The fact is, this was a reactive move. It was likely a move borne out of necessity and desperation after the circus that was this past weekend’s Heritage Classic. A number of forces have contributed to what went down in Vancouver’s crease over the past year: the lockout, a reigned in salary cap, the vindictive cap benefit recapture clause. Also you might add ownership’s clear and complete unwillingness to use a compliance buyout to get out from under Luongo’s deal last summer. Anyway that’s a quick list of contributing outside factors that were beyond management’s control, y’know, for the sake of fairness.

Let’s recap how we got here. You may remember that the team first began the long process of alienating Luongo by starting Cory Schneider against the Kings in April of 2012. Schneider had posted a better save percentage than Luongo had for two years running by that point, and from a hockey perspective it wasn’t an absurd move. But it led to Luongo asking out of Vancouver, and it diminished Vancouver’s leverage. Basically they’d revealed their hand on the most public of stages.

At the 2012 NHL draft and throughout that subsequent summer, the Canucks were unable to move Luongo and his massive deal. There were no takers, and anyway Luongo was steering the bus to Sunrise exclusively, which was fully within his rights as he had a no-trade clause. 

By the time the new CBA was ratified, Vancouver’s goose was cooked on this front. There was no moving Luongo in a cap-benefit recapture environment and with the salary cap’s upper limit due to recede to $64.3 illion this season. Not without retaining salary at least, (which Vancouver was unwilling to do until this past weekend apparently). They literally couldn’t give him away, as they proved at last year’s trade deadline.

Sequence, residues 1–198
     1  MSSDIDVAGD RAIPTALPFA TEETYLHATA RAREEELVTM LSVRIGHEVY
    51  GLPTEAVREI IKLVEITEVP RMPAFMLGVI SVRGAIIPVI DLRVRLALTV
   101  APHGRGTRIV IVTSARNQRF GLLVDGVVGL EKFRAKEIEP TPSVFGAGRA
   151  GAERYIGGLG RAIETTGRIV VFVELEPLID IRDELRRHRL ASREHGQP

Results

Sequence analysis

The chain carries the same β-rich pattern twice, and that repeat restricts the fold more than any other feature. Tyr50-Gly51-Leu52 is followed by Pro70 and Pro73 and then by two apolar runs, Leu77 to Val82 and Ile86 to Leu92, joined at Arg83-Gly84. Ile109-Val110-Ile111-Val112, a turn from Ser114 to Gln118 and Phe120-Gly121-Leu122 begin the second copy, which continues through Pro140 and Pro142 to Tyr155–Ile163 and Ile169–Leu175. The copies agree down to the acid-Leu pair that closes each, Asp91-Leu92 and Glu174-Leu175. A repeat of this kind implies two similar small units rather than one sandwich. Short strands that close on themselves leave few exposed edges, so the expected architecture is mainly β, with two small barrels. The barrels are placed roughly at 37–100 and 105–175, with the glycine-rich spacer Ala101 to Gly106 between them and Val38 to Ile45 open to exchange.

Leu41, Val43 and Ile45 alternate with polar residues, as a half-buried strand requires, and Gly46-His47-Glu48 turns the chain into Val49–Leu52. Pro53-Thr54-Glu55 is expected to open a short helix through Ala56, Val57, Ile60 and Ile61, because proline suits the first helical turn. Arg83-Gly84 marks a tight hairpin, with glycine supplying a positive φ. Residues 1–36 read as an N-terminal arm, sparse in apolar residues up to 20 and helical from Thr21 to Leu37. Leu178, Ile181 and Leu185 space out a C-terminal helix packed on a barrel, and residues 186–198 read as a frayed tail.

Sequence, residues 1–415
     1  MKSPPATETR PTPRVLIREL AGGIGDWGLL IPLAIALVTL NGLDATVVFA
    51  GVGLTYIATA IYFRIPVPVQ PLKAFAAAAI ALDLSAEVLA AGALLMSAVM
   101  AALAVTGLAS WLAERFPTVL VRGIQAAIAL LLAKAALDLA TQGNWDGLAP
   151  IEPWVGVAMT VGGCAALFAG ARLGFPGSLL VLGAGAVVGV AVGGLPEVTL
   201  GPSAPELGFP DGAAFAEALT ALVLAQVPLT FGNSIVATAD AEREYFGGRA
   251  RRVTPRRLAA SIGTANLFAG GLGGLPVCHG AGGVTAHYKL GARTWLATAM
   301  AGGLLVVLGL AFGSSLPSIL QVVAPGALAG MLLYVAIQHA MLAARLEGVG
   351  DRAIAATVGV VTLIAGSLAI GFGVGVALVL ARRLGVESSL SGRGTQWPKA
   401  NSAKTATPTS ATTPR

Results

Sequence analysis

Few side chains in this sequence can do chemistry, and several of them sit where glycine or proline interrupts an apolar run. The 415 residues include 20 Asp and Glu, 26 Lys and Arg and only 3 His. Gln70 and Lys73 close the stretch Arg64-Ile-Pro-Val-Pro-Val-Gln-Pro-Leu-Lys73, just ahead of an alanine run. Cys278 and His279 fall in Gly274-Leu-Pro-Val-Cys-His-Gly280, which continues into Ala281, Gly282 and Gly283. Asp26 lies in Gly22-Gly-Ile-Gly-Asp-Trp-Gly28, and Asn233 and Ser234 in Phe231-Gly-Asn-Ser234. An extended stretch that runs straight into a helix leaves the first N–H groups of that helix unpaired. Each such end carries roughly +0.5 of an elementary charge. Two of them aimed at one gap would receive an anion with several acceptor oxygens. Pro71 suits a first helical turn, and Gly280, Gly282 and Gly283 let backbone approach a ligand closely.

At the 2013 NHL entry draft the Canucks changed course at the last moment when they finally read the writing on the wall. Unable to find a serious offer for Luongo, they traded Cory Schneider instead for the 9th overall pick. They used it to select Bo Horvat who is having a monster year for London. 

That trade, in a vacuum, was a good one. In fact one could argue – and Tyler Dellow has convincingly – that the Canucks recouped fair value for Schneider’s services. The Canucks made like Churchill’s conception of America and made the right move – they dealt the comparable goaltender with way higher trade value – but they did so only after exhausting all other options.

The problem with that deal is the same problem with the Luongo deal today: this is a management team that throughout this process has appeared to be flying by the seat of their pants, reacting rather than anticipating a shifting landscape. 

Trading Schneider for a prospect like Horvat was the right move, had it been made a year earlier. But by the time Schneider was moved, Luongo was so fully alienated that he didn’t talk to the press all summer and changed agents. This “getting back together” thing was never going to work after what Luongo had been through. It cost Vancouver not one, but two excellent NHL goaltenders.

This all brings us to this season, where Luongo was outperformed once again by his backup (for the fourth straight year), culminating in the Heritage Classic kerfuffle. I’d reiterate that I don’t think the Canucks have done that poorly with this trade, in a vacuum. But when you step back and look at the forest rather than the trees, the breadth and the extent to which this process was marked by failures to anticipate – the market, the new CBA, Luongo’s emotional state – it’s pretty galling. 

This is a tough day for Canucks fans, and a tough day for a management team that has turned what was one of the best tandems in the NHL into an unproven one. In the process they added a third-liner and a two-way ace (in the OHL). Not exactly an enviable haul, that.

But at least it’s a good day for Luongo, who gets to move on. And actually when you factor in the cathartic element, the relief of closure that this trade brings, maybe it’s a good day for the organization and its fans too in a sense. But it sure doesn’t look or feel that way at the moment.